USPS Financial Condition Should Worry Printers
The U.S. House of Representatives House Committee of Oversight and Reform conducted a hearing about the financial condition of the U.S. Postal Service (USPS) on April 30. One thing was clear: despite testimony from various constituents proposing ways to solve the problem, all sides agreed that the USPS’ financial condition remains dire. Even Postmaster General Megan Brennan sounded the alarm for meaningful postal reform while reporting that the Postal Service posted a net loss of $3.9 billion in 2018 — marking the 12th consecutive annual net loss it has incurred. The USPS’ predicament should also sound the alarm for printers.
Why? Because, historically, every postal price increase results in a corresponding decrease in print volumes for direct mail, periodicals, catalogs, retail inserts and the like.
That was one of the key points Joel Quadracci, chairman, president and CEO of Quad, stressed during his testimony at the hearing on behalf of the Coalition for a 21st Century Postal Service. The group represents the mailing industry supply chain, including paper companies, equipment suppliers, printers, packagers, retail and other postal customers.
“With postage now accounting for up to two-thirds or more of the cost of a mail piece (up from about one-third in the mid-2000s), there is only one way for print customers to manage their budgets if the price goes up — and that will be to reduce the volume moving through the mail,” Quadracci pointed out.
“Our customers demand predictability and affordability and, if prices increase, they react by reducing their volume to cover the extra postage or move away from print altogether,” he added. “Of course, this hurts the revenue of the printer but also reduces the volume going to the Postal Service, which further exacerbates the problem.”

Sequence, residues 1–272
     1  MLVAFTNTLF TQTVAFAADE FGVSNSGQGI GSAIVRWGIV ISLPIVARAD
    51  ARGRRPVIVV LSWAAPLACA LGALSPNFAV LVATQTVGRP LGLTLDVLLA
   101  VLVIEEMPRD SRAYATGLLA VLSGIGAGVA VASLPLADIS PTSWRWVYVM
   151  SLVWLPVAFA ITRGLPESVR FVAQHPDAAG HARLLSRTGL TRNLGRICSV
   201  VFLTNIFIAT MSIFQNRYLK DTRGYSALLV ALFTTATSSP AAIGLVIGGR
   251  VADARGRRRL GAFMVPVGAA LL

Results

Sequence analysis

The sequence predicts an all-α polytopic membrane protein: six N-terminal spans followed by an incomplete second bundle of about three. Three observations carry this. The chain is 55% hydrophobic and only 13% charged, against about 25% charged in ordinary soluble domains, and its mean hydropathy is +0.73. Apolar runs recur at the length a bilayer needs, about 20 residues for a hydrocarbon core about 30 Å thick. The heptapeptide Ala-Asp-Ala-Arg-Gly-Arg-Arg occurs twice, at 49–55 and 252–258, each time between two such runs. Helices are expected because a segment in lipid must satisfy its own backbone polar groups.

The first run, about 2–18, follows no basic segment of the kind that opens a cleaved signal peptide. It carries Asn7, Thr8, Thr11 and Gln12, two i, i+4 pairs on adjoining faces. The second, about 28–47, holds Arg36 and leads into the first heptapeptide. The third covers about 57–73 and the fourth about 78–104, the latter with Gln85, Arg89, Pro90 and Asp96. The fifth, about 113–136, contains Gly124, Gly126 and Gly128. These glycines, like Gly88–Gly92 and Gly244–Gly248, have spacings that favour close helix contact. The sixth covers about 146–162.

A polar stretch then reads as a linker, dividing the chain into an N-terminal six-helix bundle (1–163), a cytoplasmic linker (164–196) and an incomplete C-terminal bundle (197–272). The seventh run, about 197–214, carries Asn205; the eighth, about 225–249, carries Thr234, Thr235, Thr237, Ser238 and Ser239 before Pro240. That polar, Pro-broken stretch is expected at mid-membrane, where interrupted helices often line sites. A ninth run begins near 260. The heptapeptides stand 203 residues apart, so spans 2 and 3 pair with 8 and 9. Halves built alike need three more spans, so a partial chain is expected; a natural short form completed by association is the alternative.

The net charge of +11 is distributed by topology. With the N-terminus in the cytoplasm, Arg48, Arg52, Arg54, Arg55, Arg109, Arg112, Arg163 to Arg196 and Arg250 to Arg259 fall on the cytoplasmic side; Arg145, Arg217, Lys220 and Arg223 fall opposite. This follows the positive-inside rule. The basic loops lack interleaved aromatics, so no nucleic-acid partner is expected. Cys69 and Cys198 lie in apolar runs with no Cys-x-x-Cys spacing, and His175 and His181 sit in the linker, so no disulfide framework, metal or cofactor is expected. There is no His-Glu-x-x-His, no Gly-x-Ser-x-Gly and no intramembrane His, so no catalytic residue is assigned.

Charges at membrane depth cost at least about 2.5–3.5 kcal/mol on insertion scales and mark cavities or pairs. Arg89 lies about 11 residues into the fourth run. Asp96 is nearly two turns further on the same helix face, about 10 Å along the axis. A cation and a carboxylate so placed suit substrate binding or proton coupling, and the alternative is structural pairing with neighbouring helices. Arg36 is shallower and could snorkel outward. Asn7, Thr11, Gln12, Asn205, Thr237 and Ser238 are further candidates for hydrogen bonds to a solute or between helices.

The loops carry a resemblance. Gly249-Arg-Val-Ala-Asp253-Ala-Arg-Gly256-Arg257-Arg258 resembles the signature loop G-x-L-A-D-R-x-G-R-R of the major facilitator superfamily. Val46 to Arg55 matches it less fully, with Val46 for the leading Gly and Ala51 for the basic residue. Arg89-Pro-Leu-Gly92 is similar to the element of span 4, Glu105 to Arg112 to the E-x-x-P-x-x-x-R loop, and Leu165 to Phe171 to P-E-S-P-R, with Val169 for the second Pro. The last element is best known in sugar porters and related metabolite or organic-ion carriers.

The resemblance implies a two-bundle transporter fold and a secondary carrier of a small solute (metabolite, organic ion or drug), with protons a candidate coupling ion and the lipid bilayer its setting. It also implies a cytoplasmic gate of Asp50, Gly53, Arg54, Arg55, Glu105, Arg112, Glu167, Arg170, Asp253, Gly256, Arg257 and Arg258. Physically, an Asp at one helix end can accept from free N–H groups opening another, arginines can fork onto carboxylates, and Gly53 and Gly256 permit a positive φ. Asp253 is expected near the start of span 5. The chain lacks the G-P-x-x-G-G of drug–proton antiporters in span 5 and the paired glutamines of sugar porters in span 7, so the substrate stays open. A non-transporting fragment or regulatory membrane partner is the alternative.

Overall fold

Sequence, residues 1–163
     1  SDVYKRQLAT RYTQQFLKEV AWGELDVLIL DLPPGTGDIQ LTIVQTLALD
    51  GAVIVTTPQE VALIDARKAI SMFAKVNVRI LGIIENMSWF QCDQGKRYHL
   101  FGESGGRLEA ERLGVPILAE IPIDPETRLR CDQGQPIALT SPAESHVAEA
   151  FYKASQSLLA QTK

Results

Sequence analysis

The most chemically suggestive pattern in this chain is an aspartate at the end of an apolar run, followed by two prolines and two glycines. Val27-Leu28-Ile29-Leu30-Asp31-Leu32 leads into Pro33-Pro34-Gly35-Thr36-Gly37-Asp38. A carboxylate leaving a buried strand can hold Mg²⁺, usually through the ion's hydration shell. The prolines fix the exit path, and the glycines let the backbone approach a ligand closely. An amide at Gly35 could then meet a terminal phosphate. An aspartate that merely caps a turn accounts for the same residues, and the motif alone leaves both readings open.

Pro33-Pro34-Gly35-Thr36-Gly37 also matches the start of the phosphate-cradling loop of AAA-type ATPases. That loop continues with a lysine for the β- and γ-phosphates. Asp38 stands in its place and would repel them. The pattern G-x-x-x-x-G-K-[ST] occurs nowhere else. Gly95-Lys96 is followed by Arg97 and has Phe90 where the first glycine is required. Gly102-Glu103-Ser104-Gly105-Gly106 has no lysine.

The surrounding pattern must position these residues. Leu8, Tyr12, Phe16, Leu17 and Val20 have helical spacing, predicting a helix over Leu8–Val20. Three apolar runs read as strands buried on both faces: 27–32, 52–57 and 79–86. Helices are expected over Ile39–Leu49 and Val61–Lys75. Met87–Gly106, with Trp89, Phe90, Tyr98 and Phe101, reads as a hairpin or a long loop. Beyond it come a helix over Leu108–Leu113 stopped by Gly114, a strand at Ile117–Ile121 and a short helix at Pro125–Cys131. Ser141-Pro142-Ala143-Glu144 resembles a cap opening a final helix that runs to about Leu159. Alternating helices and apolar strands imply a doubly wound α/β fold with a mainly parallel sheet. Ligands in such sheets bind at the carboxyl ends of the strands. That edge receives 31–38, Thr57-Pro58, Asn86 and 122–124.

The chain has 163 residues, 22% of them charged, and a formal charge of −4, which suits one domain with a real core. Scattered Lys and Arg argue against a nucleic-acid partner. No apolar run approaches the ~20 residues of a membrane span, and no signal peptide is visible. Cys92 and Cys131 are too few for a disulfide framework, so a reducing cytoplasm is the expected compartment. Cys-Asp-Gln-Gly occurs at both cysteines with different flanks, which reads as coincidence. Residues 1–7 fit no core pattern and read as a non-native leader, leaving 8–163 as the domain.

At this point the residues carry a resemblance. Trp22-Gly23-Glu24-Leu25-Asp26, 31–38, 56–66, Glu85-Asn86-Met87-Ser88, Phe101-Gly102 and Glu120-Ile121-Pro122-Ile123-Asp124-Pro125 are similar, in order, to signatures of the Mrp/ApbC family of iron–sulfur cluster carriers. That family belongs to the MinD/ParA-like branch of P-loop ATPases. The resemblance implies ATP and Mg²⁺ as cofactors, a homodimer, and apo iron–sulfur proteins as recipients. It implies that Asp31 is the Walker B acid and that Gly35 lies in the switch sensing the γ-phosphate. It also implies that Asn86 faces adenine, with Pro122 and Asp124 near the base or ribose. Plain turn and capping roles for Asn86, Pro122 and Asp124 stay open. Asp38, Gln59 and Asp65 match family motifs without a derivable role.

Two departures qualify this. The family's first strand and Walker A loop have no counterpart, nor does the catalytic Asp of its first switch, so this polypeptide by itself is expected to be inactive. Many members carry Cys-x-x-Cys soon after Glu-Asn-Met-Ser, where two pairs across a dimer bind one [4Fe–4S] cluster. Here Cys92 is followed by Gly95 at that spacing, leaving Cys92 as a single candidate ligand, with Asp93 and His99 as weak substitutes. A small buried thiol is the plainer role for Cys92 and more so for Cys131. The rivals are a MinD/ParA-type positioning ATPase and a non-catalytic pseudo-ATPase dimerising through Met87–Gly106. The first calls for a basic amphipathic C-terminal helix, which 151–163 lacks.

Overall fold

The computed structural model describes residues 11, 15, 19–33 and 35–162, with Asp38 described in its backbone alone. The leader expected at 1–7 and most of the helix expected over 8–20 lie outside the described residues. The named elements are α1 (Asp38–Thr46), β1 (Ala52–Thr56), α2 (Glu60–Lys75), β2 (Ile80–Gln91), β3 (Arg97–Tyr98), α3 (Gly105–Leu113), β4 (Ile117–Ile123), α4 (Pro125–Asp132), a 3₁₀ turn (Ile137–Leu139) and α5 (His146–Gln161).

As such, Quadracci proposed several recommendations supported by the coalition:
- Rather than the current 100% retiree health benefits prefunding mandate (the USPS has defaulted on $43 billion in payments since 2012), set the prefunding target at 60% of the vested liability. This would save it $60 billion.
- Reduce the unfunded liability for retiree health benefits by creating postal-only plans within the Federal Employee Health Benefits (FEHB) program that fully integrate with Medicare Part D (prescription drugs), similar to private sector plans. This would lower the Postal Service’s costs by $25 billion.
- Reduce the unfunded liability by mandating enrollment in Medicare Parts A and B for postal employees under the age of 55 who wish to maintain FEHB coverage in retirement. This change, the industry group contends, would save billions of dollars.
The Coalition for a 21st Century Postal Service also supports passage of a bipartisan bill — The Postal Reform Act of 2017 (H.R. 756) — that was introduced during the 115th session of Congress. (Click here for a link that enables you to email your elected officials in Congress directly to urge passage of postal reform legislation.) It calls for a one-time postage increase of 2.15%. According to the coalition, this one-time increase would generate $8.5 billion in new revenue for the Postal Service over a 10-year period.
In addition, it wants Congress to keep the 2006 Postal Accountability and Enhancement Act that determines and sets price caps on the Postal Regulatory Commission’s rate-setting process intact. “This is essential in that, as you know, the PRC is currently considering a rate proposal that would amount to an increase of between 28% to 43%, depending on the class of mail should USPS avail itself of this pricing flexibility,” Quadracci told the lawmakers.
He also pointed out how the package delivery and competitive products side of the USPS has grown enormously in recent years, generating more than $7.6 billion in 2018 alone, nearly 25% of its total overhead.
Brennan, on the other hand, acknowledged that although the Postal Service’s packaging business continues to grow, it’s become much more price-competitive and the package volume growth rate is half of what it was in 2016.
Given the state of gridlock on Capitol Hill, passage of meaningful postal reform legislation seems unlikely in the near-term. Significant postal rate price hikes, likewise would negatively impact printers and mailers, and further reduce mail volumes and, thus, USPS revenues. Creating a vicious cycle, indeed.